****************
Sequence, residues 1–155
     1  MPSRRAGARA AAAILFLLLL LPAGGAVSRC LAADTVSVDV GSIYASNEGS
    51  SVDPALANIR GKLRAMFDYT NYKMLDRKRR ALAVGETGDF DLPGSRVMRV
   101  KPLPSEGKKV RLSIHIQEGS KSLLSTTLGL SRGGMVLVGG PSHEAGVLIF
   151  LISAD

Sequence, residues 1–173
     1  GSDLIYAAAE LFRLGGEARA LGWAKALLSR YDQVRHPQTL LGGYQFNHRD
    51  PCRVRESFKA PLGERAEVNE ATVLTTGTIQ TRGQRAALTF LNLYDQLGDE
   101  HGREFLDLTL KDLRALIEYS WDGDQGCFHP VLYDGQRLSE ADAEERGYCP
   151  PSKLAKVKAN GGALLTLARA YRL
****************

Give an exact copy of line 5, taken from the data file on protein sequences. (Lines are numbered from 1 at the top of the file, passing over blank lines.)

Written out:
   151  LISAD